Lecturer in Music (Performance), Programme Convenor for MMus Performance & Related Studies
Dr Stephen Graham
Professor Simon McVeigh
Professor of Music
Professor Keith Negus
Professor of Musicology, Co-Head of Popular Music Research Unit, Chair of Exams
Dr Barley Norton
Senior Lecturer, BMus Music Admissions Tutor, Head of Asian Music Unit
Dr Tom Perchard
Senior Lecturer, Programme Convenor for BMus Popular Music, Director of PGR Research, Co-Head of Popular Music Research Unit
Jeremy Peyton Jones
Deputy Head of Department, Senior Lecturer in Music, Director of Studies
Reader in Music, Admissions Tutor for MA Contemporary Music Studies
Lecturer, Senior Tutor, Programme Convenor for MA Programme, Pathway Leader and Admissions Tutor for MA Music and MA Historical Musicology
Professor Roger Redgate
Professor in Composition, Director of Research, Head of the Contemporary Music Research Unit
Head of the Electronic Music Studios
Visiting and Associate Tutors
Popular Music and Songwriting
Dr Panos Ghikas
Classical Performance, Programme Convenor Short Courses/Summer School
Dr Naomi Matsumoto
Programme Convenor for IFC & Graduate Diploma, International Admissions Tutor
Music Computing, Laptop Ensemble Director and EMS Technician
Veronica Doubleday attached to the Afghanistan Music Unit
Helen Frosi attached to the Sound Practice Research Unit
Lawrence Upton attached to the Sound Practice Research Unit
Visiting Research Staff
Professor Simon Morrison
University of Princeton
Dr Levon Hakobian
Head of the Russian State Institute of Art Studies, attached to the Centre for Russian Music
Librarian of the Gerald Coke Handel Collection, Foundling Museum
Assistant Business Manager
Music Technician Receptionist
Senior Music Technician (Piano Specialist)
Studio Engineer & Archivist
Studio Maintenance Engineer
Saxophone: Paul Bartholomew, Dave O'Higgins; Melanie Henry
Horn: Gillian Jones
Trumpet: Andrew Hendrie
Trombone: Leslie Lake
Tuba: Oren Marshall; Nick Newland
Violin/Viola: Devorina Gamalova (personal website)
Cello: Natalia Pavlutskaya (personal website); Léonie Adams; Rebecca Turner; Val Welbanks (Ligeti Quartet website)
Double Bass: Tony Hougham; Arnulf Lidner (Popular Music)
Piano: Simon Deacon; Nick Ramm; Sam Beste (Popular Music); Jakob Fichert; Maria Krivenski; Andrew Zolinsky (classical)
Percussion:Chris Brannick (Ensemble Bash); David Corkhill
Drum kit: Steve White; Dave Hattee; Tom Skinner
Director: Nan Christie
Voice (popular music): Laura Zakian; Sarah Stephenson; Rachel Bennett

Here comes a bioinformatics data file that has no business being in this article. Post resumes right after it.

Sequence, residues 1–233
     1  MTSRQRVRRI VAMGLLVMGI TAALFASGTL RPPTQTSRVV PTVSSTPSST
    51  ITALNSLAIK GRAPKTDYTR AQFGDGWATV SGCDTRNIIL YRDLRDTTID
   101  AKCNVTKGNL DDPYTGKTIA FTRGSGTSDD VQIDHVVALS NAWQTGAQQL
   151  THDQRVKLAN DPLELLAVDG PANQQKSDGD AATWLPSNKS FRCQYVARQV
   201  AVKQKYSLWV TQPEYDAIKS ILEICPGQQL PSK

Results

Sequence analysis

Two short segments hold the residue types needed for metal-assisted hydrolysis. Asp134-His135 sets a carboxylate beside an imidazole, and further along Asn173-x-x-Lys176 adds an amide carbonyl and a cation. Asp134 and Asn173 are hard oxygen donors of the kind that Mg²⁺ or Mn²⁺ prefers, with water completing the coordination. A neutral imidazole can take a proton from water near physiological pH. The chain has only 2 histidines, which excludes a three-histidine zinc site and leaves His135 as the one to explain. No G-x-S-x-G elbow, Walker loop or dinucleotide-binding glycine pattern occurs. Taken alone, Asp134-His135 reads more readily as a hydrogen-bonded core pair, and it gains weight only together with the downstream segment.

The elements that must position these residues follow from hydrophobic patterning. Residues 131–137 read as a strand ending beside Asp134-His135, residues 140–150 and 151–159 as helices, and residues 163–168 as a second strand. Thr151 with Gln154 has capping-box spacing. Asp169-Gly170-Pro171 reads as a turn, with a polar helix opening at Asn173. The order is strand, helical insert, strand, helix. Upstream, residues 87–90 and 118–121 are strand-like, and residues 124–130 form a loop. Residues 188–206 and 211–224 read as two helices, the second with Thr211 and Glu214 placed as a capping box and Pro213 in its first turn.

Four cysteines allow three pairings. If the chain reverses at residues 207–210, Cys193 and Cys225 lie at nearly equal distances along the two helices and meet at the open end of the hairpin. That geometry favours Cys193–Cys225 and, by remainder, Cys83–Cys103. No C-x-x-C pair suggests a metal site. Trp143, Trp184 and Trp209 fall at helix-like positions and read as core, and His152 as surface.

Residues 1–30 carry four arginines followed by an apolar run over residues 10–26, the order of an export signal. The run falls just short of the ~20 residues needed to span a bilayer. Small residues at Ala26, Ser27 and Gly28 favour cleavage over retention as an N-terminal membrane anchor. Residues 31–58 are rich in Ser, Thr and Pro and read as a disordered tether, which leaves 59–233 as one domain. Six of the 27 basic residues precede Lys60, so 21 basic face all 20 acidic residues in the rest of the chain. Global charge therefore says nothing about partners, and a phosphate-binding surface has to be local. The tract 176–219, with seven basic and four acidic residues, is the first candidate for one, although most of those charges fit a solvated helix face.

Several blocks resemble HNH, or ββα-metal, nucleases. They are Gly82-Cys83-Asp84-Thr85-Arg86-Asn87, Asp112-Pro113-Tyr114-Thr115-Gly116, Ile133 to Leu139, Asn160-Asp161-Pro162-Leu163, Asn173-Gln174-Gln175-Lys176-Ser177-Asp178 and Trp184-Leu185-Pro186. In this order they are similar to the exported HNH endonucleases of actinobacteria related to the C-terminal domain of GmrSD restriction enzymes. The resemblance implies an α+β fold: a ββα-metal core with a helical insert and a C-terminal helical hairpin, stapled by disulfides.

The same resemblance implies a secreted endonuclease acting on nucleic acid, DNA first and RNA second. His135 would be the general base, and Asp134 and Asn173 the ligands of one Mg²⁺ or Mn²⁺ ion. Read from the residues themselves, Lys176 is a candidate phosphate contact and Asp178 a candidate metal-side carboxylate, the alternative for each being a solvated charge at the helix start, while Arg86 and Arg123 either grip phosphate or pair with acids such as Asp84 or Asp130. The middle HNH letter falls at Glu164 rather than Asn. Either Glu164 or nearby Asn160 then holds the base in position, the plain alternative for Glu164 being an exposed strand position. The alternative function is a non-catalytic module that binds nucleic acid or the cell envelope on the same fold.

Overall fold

Voice (classical music): Nan Christie; Caroline Lenton-Ward
Chamber Choir conductor: Caroline Lenton-Ward
The Department of Music welcomes most instruments and we will do our best to find a suitable teacher for your studies here. Please note, we cannot guarantee the availability of all tutors.
You should normally have (or expect to be awarded) a high pass in a taught Masters degree. In exceptional circumstances we will also consider applicants with an undergraduate degree and professional experience equivalent to a Masters degree.
We accept a wide range of international qualifications. Find out more about the qualifications we accept from around the world.
English language requirements
If English isn’t your first language, you’ll need to meet our English language requirements to study with us.
For this programme we require:
IELTS 6.5 with a 6.5 in writing and no element lower than 6.0
If you need assistance with your English language, we offer a range of courses that can help prepare you for postgraduate-level study.
How to apply
You apply directly to Goldsmiths using our online application system.
Normally, you should begin by contacting either the programme contact listed above, or a staff member active in the relevant field in order to discuss their research project. Staff biographies and specialisms can be seen on our staff pages.
Once you have discussed and shaped your project, and the staff member concerned has provisionally agreed to supervise you, you should draft a formal research proposal and personal statement. The former should be about 1,500 words long, and should outline your project, describing your research questions, methods, and context – this part comprising a literature review, and a statement as to how your work will seek to make an original contribution to knowledge. The personal statement should outline the reasons you want to carry out the project, your longer-term plans as a researcher, and the ways that you see your work as fitting into and being supported by our Department.
Before submitting your application you'll need to have:
- Details of your education history, including the dates of all exams/assessments
- The email address of your referee who we can request a reference from, or alternatively an electronic copy of your academic reference
- Contact details of a second referee
- A personal statement – this can either be uploaded as a Word Document or PDF, or completed online
- If available, an electronic copy of your educational transcript (this is particularly important if you have studied outside of the UK, but isn’t mandatory)
- Details of your research proposal
You'll be able to save your progress at any point and return to your application by logging in using your username/email and password.
When to apply
We accept applications from October for students wanting to start the following September.
We encourage you to complete your application as early as possible, even if you haven't finished your current programme of study. It's very common to be offered a place conditional on you achieving a particular qualification.
If you're applying for external funding from one of the Research Councils, make sure you submit your application by the deadline they've specified.
Admission to many programmes is by interview.
Find out more about applying.